A powerful northern Afghan commander says he will run for president in Afghanistan's coming election. General Abdul-Rashid Dostum, though unlikely to win the presidency, is a major force in Afghan politics because of strong support from the country's ethnic Uzbeks.

General Abdul-Rashid Dostum joined the growing number of Afghan presidential candidates Thursday after resigning earlier in the day from his posts as presidential adviser and northern military commander.

Under Afghan law, military officials and civil servants cannot run for president.

General Dostum enjoys overwhelming support among his fellow ethnic Uzbeks, however, he has only limited support among other communities. Afghanistan's Uzbek community is estimated at between five and 10 percent of the total population.

The Uzbek leader is controversial, due to his supporters' involvement in factional fighting in the Uzbek heartland of northern Afghanistan.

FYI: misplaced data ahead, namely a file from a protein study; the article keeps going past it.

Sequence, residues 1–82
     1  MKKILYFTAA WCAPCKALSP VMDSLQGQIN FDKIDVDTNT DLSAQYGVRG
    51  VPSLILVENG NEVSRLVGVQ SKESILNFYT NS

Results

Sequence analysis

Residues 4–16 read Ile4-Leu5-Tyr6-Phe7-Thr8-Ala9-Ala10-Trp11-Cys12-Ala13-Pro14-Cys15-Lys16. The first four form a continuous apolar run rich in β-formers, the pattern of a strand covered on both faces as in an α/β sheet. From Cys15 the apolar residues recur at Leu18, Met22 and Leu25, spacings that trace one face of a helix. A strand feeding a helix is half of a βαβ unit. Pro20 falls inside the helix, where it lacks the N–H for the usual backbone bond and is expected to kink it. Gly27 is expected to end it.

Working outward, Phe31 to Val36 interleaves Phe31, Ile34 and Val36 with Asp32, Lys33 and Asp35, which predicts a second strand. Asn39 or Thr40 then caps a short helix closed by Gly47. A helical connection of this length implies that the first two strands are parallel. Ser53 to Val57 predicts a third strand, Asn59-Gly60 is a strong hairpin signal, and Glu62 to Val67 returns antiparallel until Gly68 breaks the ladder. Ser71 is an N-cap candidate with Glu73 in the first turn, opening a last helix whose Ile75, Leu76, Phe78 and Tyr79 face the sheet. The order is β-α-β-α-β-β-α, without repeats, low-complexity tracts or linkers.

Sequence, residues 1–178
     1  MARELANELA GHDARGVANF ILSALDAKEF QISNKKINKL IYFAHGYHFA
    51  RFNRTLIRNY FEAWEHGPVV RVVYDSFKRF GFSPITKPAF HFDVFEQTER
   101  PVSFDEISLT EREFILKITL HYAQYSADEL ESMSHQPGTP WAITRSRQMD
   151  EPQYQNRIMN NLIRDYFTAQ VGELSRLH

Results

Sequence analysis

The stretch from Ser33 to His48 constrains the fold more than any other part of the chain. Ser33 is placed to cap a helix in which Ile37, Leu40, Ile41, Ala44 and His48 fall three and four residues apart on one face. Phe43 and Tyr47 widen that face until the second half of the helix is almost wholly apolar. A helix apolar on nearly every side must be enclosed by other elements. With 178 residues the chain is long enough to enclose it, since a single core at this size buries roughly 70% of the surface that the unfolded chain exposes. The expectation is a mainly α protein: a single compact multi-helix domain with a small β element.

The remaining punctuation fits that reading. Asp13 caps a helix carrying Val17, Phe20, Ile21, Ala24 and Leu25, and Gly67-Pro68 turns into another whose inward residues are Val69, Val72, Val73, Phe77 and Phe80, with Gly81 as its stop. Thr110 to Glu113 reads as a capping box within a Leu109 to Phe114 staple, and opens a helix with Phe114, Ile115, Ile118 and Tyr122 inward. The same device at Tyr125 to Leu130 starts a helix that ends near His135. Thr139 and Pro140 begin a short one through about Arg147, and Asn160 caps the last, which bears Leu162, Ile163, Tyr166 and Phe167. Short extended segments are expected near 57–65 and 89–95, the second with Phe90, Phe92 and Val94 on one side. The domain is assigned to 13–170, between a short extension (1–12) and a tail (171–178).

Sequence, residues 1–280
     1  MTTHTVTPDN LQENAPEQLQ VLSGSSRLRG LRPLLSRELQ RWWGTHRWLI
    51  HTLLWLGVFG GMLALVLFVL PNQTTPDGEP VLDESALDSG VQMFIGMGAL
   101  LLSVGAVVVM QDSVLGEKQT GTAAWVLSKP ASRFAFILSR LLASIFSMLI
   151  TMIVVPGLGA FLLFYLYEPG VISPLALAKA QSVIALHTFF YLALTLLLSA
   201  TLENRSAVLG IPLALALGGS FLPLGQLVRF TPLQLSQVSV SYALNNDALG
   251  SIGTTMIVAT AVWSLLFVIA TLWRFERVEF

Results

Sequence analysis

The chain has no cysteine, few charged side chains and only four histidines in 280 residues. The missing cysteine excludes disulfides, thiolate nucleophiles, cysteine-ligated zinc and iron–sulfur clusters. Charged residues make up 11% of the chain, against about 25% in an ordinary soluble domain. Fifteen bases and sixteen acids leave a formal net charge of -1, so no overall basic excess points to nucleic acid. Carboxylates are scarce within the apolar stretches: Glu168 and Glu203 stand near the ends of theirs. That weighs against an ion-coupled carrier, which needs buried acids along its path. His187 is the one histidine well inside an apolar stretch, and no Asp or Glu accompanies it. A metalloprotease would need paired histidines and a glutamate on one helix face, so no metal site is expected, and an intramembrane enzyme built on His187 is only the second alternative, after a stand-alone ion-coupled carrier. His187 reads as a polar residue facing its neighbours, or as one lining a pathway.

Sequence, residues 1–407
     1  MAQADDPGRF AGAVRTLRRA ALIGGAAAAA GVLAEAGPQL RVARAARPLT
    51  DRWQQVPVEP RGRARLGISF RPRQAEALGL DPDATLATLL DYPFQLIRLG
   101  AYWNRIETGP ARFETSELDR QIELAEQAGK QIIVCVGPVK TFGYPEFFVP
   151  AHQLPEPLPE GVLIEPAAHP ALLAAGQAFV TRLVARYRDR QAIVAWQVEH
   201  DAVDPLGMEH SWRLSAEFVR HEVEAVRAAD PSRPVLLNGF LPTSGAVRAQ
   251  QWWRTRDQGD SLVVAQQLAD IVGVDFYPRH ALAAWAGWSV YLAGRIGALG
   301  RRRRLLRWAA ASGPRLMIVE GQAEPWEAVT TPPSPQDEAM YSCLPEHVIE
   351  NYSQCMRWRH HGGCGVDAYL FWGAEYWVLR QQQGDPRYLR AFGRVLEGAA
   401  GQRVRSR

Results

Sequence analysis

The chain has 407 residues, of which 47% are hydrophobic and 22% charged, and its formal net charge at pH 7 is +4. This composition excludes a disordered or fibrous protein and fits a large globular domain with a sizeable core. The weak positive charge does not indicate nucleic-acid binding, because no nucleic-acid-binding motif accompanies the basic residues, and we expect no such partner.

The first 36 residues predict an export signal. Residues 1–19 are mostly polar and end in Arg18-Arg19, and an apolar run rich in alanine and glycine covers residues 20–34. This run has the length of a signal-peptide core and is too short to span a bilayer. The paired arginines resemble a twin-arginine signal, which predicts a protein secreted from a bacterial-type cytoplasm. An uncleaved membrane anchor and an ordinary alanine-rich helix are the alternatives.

Forces loyal to him have frequently clashed with ethnic Tajik rivals under another northern commander, Atta Mohammed. Both the United Nations and the current transitional government have been called in to broker truces between the two sides.

While the final number of candidates running in the October presidential race will not be known until later this month, at least 20 people have already applied to run.

Despite the large field, recent Afghan and international media reports place President Hamid Karzai as the heavy favorite, as he is well known and enjoys strong support from international aid donors.

But even his staunch supporters, such as Abdul-Hakim Noorzai, head of a new pro-Karzai party, say the president's victory is by no means assured.

If candidates with strong support among their own ethnic constituencies splinter the vote, they could prevent Mr. Karzai from taking more than 50 percent of the total. That would force a second-round run-off election between the top two vote-getters.

Mr. Noorzai says a run-off election would likely be a tougher race for the president, and locking in a victory in the first round will depend on how hard Mr. Karzai campaigns.

"If he chooses a good commission to campaign for him, I am sure Mr. Karzai will be the winner in the first round of the election," he said. "But if not [there] will be another result."

The October 9 presidential election will be the first vote of its kind after over two decades of war. An election for parliament and provincial governments is expected to follow sometime next spring.